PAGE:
This year’s World Satellite Business Week Summit highlighted the dynamics of the industry. A few notable trends.
- The financing market is tougher, especially for companies with less proven business plans. Many of the companies funded in the SPAC bubble may not make it.
- Europe and the European Space Agency (ESA) continue to chase SpaceX/Starlink in search of a viable European model for space.
- Multi-orbit networks (LEO, MEO, GEO) are in vogue. Operators, service providers, antenna manufacturers, and software designers are working on multi-orbit solutions.
- Software-defined hardware is increasingly taking center stage as is the need for common equipment standards to lower prices.
- The vertical integration vs. off-the-shelf debate continues among product manufacturers.
- The largely unspoken elephant in the room is that the industry is increasingly being dominated by SpaceX/Starlink with few compelling ideas on how others can maintain viability absent continued government funding.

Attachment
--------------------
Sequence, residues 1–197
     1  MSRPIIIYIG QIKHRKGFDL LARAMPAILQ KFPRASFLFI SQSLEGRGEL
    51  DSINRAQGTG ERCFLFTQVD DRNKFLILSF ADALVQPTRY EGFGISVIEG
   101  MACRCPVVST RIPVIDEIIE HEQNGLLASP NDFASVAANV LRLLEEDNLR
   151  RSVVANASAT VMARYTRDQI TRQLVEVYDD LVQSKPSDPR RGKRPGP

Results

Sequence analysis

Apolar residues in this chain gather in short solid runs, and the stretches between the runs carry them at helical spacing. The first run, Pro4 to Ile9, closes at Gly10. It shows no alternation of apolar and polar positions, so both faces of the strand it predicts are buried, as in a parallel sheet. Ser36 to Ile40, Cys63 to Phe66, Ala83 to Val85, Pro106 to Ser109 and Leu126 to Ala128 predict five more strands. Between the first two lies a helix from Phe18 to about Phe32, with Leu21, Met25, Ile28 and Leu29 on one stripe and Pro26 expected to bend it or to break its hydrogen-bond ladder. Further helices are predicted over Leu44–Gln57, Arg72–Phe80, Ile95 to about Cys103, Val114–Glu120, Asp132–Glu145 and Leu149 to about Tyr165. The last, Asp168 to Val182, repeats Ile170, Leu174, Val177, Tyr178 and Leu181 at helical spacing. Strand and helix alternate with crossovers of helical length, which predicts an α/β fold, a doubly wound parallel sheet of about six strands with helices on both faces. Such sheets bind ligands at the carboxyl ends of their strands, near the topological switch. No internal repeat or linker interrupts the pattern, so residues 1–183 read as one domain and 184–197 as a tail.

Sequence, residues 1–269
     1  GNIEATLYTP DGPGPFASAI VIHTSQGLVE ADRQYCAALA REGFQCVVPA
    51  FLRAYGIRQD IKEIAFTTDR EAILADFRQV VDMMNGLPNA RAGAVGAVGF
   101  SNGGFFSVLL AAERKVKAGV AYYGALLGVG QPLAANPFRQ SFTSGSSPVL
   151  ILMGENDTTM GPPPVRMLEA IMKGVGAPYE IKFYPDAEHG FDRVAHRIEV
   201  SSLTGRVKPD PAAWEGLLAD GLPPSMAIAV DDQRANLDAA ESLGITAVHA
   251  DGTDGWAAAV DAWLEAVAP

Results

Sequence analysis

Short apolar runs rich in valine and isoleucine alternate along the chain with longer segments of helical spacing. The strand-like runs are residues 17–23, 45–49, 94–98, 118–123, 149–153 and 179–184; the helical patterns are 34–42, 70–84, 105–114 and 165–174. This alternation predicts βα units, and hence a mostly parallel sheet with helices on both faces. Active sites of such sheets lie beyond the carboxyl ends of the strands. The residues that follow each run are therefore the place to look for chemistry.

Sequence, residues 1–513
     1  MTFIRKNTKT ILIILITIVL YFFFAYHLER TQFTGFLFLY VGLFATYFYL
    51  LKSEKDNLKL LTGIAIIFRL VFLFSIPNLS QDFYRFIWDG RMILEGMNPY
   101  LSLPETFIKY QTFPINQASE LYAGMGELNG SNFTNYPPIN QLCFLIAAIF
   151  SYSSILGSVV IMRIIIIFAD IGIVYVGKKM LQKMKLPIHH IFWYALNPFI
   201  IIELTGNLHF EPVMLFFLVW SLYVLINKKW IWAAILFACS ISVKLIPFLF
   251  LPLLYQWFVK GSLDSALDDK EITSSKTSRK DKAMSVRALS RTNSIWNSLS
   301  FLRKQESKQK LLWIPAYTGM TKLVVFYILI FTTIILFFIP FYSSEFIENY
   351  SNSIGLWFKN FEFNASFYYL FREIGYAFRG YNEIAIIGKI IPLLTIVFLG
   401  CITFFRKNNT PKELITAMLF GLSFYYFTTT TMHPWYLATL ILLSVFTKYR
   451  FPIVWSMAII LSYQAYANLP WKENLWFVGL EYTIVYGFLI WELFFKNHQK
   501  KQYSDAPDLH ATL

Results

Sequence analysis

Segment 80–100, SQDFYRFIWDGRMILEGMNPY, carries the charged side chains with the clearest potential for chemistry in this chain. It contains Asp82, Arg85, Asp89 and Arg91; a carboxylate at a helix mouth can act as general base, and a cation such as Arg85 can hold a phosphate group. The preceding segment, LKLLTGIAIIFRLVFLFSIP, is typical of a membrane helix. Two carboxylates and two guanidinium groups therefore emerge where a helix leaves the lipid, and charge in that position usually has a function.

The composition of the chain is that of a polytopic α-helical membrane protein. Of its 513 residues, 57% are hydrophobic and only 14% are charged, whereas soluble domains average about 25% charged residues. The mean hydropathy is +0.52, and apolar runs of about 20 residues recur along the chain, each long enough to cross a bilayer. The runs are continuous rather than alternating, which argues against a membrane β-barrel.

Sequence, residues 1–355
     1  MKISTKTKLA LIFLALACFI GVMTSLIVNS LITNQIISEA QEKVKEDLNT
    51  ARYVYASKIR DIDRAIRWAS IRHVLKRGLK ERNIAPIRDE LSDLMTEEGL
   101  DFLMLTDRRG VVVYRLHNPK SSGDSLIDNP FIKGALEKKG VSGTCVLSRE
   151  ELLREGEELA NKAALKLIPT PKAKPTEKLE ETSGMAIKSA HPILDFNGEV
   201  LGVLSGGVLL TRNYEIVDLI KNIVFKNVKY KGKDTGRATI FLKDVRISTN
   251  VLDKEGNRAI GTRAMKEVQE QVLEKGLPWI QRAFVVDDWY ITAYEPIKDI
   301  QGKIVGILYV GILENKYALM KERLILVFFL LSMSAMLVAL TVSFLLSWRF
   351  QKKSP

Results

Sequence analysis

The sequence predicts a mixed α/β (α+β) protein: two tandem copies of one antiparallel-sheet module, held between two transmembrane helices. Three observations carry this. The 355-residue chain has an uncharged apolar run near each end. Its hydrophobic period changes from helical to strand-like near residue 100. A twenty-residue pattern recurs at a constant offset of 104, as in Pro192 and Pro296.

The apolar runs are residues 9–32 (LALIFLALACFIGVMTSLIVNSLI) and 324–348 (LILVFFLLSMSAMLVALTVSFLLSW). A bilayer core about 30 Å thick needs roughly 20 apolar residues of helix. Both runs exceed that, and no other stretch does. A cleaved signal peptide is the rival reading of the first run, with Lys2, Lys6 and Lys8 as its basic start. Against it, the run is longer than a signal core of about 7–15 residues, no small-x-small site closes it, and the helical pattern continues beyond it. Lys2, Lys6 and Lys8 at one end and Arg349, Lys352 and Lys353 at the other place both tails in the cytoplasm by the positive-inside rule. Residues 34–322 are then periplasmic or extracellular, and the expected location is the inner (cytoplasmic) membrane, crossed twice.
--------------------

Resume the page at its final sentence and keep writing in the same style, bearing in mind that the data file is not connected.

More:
- New term, “data sovereignty”, was increasingly used, it seems, to justify subsidies for government systems built with domestic suppliers.
Major news items included:
- Starlink is no longer subsidizing consumer equipment, suggesting production costs at or below the $599 retail price.
- Mark Dankberg suggested Viasat-3 Americas may not be a total loss, with more news coming next month.
- Amazon’s Project Kuiper will launch its first two satellite in October.
Note: The satellite industry has moved from its slow-moving aerospace/defense roots to become a vibrantly changing industry. As such, we saw many new faces, and we did not recognize everyone. Because speakers did not always sit in the order listed in the program, it is possible we occasionally misattributed a quote. Feel free to send any corrections.